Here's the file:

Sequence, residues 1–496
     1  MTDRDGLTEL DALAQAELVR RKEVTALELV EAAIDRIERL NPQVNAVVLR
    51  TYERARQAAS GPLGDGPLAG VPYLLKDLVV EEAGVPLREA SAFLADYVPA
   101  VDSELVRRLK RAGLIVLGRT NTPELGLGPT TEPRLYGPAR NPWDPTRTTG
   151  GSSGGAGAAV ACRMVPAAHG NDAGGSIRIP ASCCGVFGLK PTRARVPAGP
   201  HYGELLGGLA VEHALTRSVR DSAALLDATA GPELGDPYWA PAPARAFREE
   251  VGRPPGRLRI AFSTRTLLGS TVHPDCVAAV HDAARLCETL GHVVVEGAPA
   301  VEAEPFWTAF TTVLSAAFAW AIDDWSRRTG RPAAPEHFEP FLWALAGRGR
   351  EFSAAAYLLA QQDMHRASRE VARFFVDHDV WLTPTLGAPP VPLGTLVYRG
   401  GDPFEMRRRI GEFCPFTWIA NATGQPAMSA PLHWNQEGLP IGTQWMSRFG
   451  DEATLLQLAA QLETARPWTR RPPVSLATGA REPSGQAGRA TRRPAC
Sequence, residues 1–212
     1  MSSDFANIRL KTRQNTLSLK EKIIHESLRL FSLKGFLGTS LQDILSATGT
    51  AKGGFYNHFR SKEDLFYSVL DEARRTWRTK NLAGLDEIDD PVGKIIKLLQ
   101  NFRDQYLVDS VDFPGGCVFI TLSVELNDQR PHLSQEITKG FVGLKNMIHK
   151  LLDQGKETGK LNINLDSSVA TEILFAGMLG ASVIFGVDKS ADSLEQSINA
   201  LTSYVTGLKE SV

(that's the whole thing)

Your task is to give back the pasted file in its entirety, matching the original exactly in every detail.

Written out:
Sequence, residues 1–496
     1  MTDRDGLTEL DALAQAELVR RKEVTALELV EAAIDRIERL NPQVNAVVLR
    51  TYERARQAAS GPLGDGPLAG VPYLLKDLVV EEAGVPLREA SAFLADYVPA
   101  VDSELVRRLK RAGLIVLGRT NTPELGLGPT TEPRLYGPAR NPWDPTRTTG
   151  GSSGGAGAAV ACRMVPAAHG NDAGGSIRIP ASCCGVFGLK PTRARVPAGP
   201  HYGELLGGLA VEHALTRSVR DSAALLDATA GPELGDPYWA PAPARAFREE
   251  VGRPPGRLRI AFSTRTLLGS TVHPDCVAAV HDAARLCETL GHVVVEGAPA
   301  VEAEPFWTAF TTVLSAAFAW AIDDWSRRTG RPAAPEHFEP FLWALAGRGR
   351  EFSAAAYLLA QQDMHRASRE VARFFVDHDV WLTPTLGAPP VPLGTLVYRG
   401  GDPFEMRRRI GEFCPFTWIA NATGQPAMSA PLHWNQEGLP IGTQWMSRFG
   451  DEATLLQLAA QLETARPWTR RPPVSLATGA REPSGQAGRA TRRPAC
Sequence, residues 1–212
     1  MSSDFANIRL KTRQNTLSLK EKIIHESLRL FSLKGFLGTS LQDILSATGT
    51  AKGGFYNHFR SKEDLFYSVL DEARRTWRTK NLAGLDEIDD PVGKIIKLLQ
   101  NFRDQYLVDS VDFPGGCVFI TLSVELNDQR PHLSQEITKG FVGLKNMIHK
   151  LLDQGKETGK LNINLDSSVA TEILFAGMLG ASVIFGVDKS ADSLEQSINA
   201  LTSYVTGLKE SV